Two academic writing tasks include:

  • Task 1: Describing visual information such as a graph or diagram in your own words
  • Task 2: Discussing a point of view, argument or problem

IELTS General Training:

Intended for individuals who are moving to an English-speaking country, or people who wish to train or study below degree level.

Assesses everyday English vocabulary skills that may be needed in social situations or workplaces.

GT reading texts are relevant to everyday life as follows –

  • Section 1: Advertisements and timetables
  • Section 2: Job descriptions and contracts
  • Section 3: Newspapers, magazines, and books

Two general writing tasks include -

  • Task 1: Writing a letter in response to a situation
  • Task 2: Discussing a point of view, argument or problem


It’s important to choose between an Academic or General Training IELTS when booking your exam. You can then use this as a basis for your IELTS preparation. The right exam for you will depend on factors that include –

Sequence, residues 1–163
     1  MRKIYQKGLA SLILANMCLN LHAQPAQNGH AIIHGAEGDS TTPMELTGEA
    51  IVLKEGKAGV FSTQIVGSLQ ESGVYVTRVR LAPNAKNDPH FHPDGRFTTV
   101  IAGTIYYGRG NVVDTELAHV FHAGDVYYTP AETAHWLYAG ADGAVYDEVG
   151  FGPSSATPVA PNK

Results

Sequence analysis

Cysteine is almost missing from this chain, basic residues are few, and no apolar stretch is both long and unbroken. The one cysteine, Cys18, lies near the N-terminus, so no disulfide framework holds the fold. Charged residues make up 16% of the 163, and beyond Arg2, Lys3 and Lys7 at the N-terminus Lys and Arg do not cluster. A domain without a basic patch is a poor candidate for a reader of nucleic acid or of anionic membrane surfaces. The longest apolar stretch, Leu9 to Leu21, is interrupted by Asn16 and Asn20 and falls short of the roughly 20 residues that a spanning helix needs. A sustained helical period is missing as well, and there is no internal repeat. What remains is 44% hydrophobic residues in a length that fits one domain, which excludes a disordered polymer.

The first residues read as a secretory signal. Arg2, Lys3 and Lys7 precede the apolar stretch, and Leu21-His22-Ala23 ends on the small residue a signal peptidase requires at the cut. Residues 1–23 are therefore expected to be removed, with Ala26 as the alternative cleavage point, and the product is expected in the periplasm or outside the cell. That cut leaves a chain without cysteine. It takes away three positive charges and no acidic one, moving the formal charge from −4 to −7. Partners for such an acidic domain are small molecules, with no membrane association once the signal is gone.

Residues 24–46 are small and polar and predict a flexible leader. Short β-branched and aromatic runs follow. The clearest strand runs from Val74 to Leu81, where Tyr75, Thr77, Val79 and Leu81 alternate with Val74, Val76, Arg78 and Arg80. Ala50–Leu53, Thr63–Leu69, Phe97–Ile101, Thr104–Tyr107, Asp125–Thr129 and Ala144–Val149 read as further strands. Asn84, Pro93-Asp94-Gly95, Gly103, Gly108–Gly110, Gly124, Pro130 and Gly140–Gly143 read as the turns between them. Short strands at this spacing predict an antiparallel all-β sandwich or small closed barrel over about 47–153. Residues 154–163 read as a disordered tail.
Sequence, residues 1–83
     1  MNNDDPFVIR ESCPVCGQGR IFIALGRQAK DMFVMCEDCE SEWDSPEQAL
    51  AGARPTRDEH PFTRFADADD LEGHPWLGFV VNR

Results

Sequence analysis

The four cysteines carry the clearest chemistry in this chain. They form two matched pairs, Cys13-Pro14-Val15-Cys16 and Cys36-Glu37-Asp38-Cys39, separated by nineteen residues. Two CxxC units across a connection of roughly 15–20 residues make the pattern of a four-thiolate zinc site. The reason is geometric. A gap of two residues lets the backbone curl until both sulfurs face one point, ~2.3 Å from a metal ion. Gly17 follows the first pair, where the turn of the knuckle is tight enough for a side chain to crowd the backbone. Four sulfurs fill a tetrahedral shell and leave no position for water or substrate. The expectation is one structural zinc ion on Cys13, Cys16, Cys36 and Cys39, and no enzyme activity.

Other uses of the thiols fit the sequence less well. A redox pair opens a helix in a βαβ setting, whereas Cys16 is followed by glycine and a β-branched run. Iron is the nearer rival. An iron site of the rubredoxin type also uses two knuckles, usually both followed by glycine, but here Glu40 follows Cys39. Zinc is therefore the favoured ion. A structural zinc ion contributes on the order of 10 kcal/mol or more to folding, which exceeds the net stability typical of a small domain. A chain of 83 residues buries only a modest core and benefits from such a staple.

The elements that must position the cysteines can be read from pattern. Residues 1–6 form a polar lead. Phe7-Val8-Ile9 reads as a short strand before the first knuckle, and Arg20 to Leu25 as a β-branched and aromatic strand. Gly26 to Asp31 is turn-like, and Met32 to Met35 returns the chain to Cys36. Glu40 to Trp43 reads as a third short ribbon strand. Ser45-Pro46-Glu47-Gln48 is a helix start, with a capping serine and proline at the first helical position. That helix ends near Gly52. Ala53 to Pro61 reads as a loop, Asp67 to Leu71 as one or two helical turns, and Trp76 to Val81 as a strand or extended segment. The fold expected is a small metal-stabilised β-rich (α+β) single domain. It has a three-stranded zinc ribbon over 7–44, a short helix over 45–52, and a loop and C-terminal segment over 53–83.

• Your chosen country
  • Whether you intend to work/study/live in that country
  • The entry requirements of your target country or association

Understand the IELTS Test Format

Understanding the format that your chosen IELTS test will take makes it easier to know what to expect on the day of your exam, and what you should practise beforehand.

There are four different categories for both types of IELTS test, and they are –

  1. Listening
  2. Reading
  3. Writing
  4. Speaking

You’ll complete the first three of these in order on the same day, without breaks in between. You will then complete the speaking section of your test either later that same day or during an appointment in the next few days.

Remember that the Listening and Speaking sections of the exam are the same for each test type. The format you can expect within each section of your exam is as follows: